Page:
Death of a species

The discovery of yet another dead endangered North Atlantic right whale off Nantucket, MA brings the loss to a total of 17 dead since April, a devastating blow to the species during a year when only five calves were born.  

While 12 of the deaths occurred in Canadian waters between June and September, this latest mortality is the fifth known to occur in US waters off the coast of Cape Cod.  

Recently published research confirms that the species has been in decline since 2010 as a result of human impacts.  With fewer than 450 remaining, researchers estimate certain extinction within 23 years unless threats to the species are drastically reduced. 

Right whales were once driven to near extinction due to commercial whaling and now once again face extinction as a result of vessel strikes and entanglements in fishing gear.  

Ironically, human impacts on North Atlantic right whales ultimately impact our own survival as research indicates that whales play a significant role in global ecosystems. Whales transport nutrients to surface waters where they sustain phytoplankton, a tiny floating ocean plant. Phytoplankton provide up to half the earth’s oxygen, sequesters carbon thereby fighting climate change, and sustains fish stocks. 

North Atlantic right whale
North Atlantic right whale

According to Regina Asmutis-Silvia, WDC-NA executive director, “It’s pretty clear that if we do nothing we have condemned a species, on which we depend, to extinction… ultimately dooming our own existence.” 

What WDC is doing:

  • WDC and its conservation partners are seeking action by the governments of the US and Canada to fulfil their obligations under the US Endangered Species Act and the Canadian Species At Risk Act.
  • As a federally appointed member of the Atlantic Large Whale Take Reduction Team, WDC is continuing its collaborative work to devise measures that reduce the risk of entanglements. 
  • And in response to the recent deaths of right whales in Canada, WDC has formally requested that the MSC certification of the Canadian snow crab fishery be withdrawn until the fishery operates in a way that does not jeopardize the continued survival of right whales.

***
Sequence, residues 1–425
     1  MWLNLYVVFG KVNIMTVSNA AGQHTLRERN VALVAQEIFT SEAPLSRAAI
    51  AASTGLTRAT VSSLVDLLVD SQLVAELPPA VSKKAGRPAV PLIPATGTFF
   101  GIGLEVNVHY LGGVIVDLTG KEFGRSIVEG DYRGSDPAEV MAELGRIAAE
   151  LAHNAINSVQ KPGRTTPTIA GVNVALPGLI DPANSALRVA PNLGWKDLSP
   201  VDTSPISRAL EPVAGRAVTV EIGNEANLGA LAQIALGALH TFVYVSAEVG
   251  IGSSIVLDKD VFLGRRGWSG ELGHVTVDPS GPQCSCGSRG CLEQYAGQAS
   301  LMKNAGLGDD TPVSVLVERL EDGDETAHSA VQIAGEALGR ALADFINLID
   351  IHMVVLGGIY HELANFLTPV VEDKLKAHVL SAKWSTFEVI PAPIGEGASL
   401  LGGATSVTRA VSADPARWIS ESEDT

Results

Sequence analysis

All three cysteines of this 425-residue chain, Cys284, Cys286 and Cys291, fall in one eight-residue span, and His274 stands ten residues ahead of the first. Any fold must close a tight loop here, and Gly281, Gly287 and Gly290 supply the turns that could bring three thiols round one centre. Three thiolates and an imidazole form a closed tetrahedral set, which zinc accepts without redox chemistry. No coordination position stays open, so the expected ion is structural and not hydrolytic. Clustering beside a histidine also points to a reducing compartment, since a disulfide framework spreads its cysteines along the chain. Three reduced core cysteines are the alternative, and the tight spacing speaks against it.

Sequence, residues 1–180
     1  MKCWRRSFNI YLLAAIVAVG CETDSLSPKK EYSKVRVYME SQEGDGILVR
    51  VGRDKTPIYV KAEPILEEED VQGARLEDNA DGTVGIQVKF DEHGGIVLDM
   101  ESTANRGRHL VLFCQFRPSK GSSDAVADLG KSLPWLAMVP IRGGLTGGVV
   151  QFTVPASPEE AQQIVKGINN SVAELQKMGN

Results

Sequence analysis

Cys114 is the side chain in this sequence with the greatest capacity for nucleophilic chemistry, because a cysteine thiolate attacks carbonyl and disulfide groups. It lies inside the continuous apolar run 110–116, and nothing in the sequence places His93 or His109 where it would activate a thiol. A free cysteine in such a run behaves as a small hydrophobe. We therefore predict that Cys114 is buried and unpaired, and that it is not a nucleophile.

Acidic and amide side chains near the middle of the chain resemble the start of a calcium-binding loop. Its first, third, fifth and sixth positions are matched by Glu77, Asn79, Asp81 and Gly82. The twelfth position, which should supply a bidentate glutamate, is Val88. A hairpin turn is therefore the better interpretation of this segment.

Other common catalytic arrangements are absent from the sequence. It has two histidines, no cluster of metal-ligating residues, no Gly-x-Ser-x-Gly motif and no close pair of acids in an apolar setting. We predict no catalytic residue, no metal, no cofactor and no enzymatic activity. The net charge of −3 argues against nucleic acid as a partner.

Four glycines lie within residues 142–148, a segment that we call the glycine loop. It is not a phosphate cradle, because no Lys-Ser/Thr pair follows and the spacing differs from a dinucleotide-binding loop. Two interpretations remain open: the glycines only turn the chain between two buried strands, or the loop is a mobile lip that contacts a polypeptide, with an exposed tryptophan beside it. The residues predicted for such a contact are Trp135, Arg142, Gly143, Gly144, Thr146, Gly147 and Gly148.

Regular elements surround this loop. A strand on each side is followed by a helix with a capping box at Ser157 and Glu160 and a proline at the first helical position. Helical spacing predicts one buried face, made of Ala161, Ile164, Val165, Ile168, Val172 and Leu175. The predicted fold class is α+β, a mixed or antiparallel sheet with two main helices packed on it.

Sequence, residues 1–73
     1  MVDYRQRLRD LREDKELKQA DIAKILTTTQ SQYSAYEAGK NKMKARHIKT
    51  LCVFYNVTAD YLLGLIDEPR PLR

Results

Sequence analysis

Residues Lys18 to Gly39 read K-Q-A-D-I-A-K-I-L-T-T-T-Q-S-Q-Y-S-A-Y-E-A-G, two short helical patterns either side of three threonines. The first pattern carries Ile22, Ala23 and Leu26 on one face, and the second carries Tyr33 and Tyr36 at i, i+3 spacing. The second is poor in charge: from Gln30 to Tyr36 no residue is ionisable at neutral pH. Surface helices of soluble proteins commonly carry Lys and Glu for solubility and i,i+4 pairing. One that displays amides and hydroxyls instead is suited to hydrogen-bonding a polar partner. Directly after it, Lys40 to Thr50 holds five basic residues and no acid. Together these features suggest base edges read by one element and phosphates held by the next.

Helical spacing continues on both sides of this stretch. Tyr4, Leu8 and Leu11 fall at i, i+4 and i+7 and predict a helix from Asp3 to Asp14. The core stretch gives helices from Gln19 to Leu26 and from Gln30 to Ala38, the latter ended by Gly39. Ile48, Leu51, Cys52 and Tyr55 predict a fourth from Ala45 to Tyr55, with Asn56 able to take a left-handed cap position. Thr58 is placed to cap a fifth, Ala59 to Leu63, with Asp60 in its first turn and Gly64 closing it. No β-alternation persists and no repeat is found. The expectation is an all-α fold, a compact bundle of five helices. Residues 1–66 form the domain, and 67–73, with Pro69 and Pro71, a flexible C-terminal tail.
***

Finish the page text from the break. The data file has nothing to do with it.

Since its incorporation in 2005, WDC’s North American office has implemented a program specifically dedicated to the continued survival of the critically endangered North Atlantic right whale, a project which the Patagonia Outdoor Clothing and Gear company has helped to support since 2010.

Help us save this species - donate today

Comments

I attended the media conference via phone.

Sadly, Wolbachia was not tested for; nor the presence of encephalitis viruses (West Nile, St. Louis encephalitis, or Zika ).

Only two dead whales (out of 15) could be solidly said to die from entanglement.

The only evidence for blunt trauma was "severe internal bleeding" which could have multiple causes (including infections, transport, or possibly interference with these carcasses).

I suppose it will take more vertebrate species to suffer or become extinct before Wolbachia (a reproductive parasite) will even be considered.

Five independent research teams have determined Culex can be Zika vectors. This study received no press:

Zika Virus in Salivary Glands of Five Different Species of Wild-Caught Mosquitoes from Mexico: http://www.biorxiv.org/content/early/2017/06/19/151951

And, it appears Wolbachia IS infecting vertebrates now, including humans:

"Wolbachia spp. should be further evaluated as causes of human infection, especially as Wolbachia infection of mosquitoes is increasingly considered to be a tool for interfering with mosquito-borne transmission of human pathogens" (Chen, Dong, et al., 2015).

NOTE: Filariodea coxI gene was not found in this case (which points to direct mosquito-to-human transmission). Source: http://www.clinicalmicrobiologyandinfection.com/article/S1198-743X(14)00040-8/fulltext

I suspect BIG money is behind this decision since those funding the Wolbachia-infected Aedes releases are billionaires.

The study assessing the safety of Wolbachia-infected Aedes releases clearly states:

"The different samples collected were meant to represent a full variety of species or "environment" in which Wolbachia could have disseminated. Samples comprised soil samples, plant leaves and roots, earthworms and millipedes, all collected from inside the enclosure." Source: http://www.scielo.br/scielo.php?script=sci_arttext&pid=S0074-02762010000...

Shocking (to me) is they did not test: birds, bats, Culex mosquitoes, planktivorous fish and other aquatic species.

Our latest petition update (with over 700 supporters): https://www.change.org/p/investigate-north-atlantic-right-whale-deaths-w...

This is very disheartening to read. When are we, as humans, going to realize that we are destroying our planet and that we need to all make changes? I will share this article with everyone I know.
Randy
https://www.mightygreen.com

We need to make sure that we as humans take care of these precious animals. They are beautiful and need to be treated as such. When will we learn?

http://www.lsplumber.com

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